Introductions and conclusions have fixed places, but other parts don't. Counterargument, for example, may appear within a paragraph, as a free-standing section, as part of the beginning, or before the ending. Background material historical context or biographical information, a summary of relevant theory or criticism, the definition of a key term often appears at the beginning of the essay, between the introduction and the first analytical section, but might also appear near the beginning of the specific section to which it's relevant.
It's helpful to think of the different essay sections as answering a series of questions your reader might ask when encountering your thesis. Readers should have questions. If they don't, your thesis is most likely simply an observation of fact, not an arguable claim. To answer the question you must examine your evidence, thus demonstrating the truth of your claim. This "what" or "demonstration" section comes early in the essay, often directly after the introduction.
Since you're essentially reporting what you've observed, this is the part you might have most to say about when you first start writing. But be forewarned: it shouldn't take up much more than a third often much less of your finished essay. If it does, the essay will lack balance and may read as mere summary or description.
The corresponding question is "how": How does the thesis stand up to the challenge of a counterargument? How does the introduction of new material—a new way of looking at the evidence, another set of sources—affect the claims you're making? Typically, an essay will include at least one "how" section. Call it "complication" since you're responding to a reader's complicating questions. This section usually comes after the "what," but keep in mind that an essay may complicate its argument several times depending on its length, and that counterargument alone may appear just about anywhere in an essay.
This question addresses the larger implications of your thesis. It allows your readers to understand your essay within a larger context. In answering "why", your essay explains its own significance. Although you might gesture at this question in your introduction, the fullest answer to it properly belongs at your essay's end.
If you leave it out, your readers will experience your essay as unfinished—or, worse, as pointless or insular. Mapping an Essay. Structuring your essay according to a reader's logic means examining your thesis and anticipating what a reader needs to know, and in what sequence, in order to grasp and be convinced by your argument as it unfolds.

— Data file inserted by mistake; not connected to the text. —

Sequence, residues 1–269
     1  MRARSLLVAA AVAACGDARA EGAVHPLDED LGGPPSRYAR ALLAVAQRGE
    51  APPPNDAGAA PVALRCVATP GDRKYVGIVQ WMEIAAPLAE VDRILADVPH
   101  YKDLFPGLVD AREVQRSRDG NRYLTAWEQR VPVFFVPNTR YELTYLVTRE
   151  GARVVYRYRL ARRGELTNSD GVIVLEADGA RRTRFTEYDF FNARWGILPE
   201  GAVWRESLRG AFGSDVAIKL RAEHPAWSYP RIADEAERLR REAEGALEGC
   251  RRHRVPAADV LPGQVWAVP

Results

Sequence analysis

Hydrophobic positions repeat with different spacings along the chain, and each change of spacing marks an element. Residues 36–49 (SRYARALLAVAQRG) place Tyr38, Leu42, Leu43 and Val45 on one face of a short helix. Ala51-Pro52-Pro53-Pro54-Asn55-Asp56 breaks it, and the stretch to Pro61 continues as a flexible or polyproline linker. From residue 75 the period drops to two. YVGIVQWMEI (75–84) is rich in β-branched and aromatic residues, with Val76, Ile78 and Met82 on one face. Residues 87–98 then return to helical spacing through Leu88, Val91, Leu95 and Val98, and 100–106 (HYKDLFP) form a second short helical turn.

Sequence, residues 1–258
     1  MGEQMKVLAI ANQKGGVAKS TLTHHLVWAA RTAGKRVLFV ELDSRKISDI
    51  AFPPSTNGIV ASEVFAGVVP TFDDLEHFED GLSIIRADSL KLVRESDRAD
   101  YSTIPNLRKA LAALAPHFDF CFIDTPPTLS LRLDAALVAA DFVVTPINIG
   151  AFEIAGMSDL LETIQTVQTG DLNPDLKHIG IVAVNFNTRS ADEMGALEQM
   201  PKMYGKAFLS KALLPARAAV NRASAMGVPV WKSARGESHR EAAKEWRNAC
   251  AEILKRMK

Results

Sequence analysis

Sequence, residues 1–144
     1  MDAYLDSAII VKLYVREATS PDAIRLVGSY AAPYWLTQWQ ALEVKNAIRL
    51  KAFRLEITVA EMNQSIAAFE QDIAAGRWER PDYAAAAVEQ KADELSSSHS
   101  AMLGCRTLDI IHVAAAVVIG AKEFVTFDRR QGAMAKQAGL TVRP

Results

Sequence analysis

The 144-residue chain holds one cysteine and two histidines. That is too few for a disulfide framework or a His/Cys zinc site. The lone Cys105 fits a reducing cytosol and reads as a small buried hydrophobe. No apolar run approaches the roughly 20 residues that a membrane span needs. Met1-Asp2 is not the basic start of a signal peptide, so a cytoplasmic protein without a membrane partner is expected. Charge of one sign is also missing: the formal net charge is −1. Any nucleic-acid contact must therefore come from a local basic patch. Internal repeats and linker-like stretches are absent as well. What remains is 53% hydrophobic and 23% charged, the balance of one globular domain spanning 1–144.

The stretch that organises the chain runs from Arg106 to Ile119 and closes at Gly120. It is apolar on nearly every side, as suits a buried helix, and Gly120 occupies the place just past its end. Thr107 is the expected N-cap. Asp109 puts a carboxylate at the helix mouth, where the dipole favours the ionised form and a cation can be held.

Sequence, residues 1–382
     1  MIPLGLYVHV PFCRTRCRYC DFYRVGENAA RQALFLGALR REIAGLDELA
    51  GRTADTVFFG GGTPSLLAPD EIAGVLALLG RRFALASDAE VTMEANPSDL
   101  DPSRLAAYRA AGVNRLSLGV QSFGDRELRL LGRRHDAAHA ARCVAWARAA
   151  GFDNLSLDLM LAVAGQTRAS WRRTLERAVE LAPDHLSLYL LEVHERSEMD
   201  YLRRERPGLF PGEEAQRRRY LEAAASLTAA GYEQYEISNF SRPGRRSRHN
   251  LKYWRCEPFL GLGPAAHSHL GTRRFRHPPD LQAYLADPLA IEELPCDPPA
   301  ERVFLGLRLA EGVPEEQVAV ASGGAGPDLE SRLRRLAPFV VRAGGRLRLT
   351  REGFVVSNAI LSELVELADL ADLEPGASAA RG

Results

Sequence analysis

The easiest way to do this is to map the essay's ideas via a written narrative. Such an account will give you a preliminary record of your ideas, and will allow you to remind yourself at every turn of the reader's needs in understanding your idea. Essay maps ask you to predict where your reader will expect background information, counterargument, close analysis of a primary source, or a turn to secondary source material.
Essay maps are not concerned with paragraphs so much as with sections of an essay. They anticipate the major argumentative moves you expect your essay to make. Try making your map like this:. Your map should naturally take you through some preliminary answers to the basic questions of what, how, and why. Now that you know what your focus is, you can start finding some information to discuss. If you want top marks, you want some deep, detailed and specific pieces of information.
The top source for finding information will be the resources your teacher provided. These resources were hand picked by your teacher because they believed these were the best sources available our there on the topic. Here are the most common resources teachers provide:. The lecture slides are one of the best resources for you to access.
Lecture slides are usually provided online for you. Find the lecture slides most relevant to your topic. To take the example of our climate change essay, maybe climate change is only discussed in three of the weeks in your course. Flick through those lecture slides and take quick notes on a piece of paper — what are the most important topics and statistics that are relevant to your essay question?
Now, move on to the assigned readings. Your teacher will have selected some readings for you to do for homework through the semester. They may be eBooks, Textbooks or Journal Articles. These assigned readings were assigned for a reason: because they have very important information to read! Next, try to find a few more sources using Google Scholar. This is a great resource for finding more academic articles that you can read to find even more details and ideas to add to your essay.
The point of Step 2 was to gather information. For your essay plan Mind-Map, write the essay question in the middle of the page and draw a circle around it. Then, select the biggest and most important key ideas that you think are worth discussing in the essay.
To decide on these, you might want to look back at the notes you took in Step 2. Last, we need to add detail and depth to each key idea. So, draw more lines out from each key ideas and list:. You need to arrange your topics to decide which to write first, second, third, fourth, and last! Does one key point need to be made first so that the other ones make sense? Do two key points seem to fit next to one another? If so, make sure you list them side-by-side. Then, list them in order.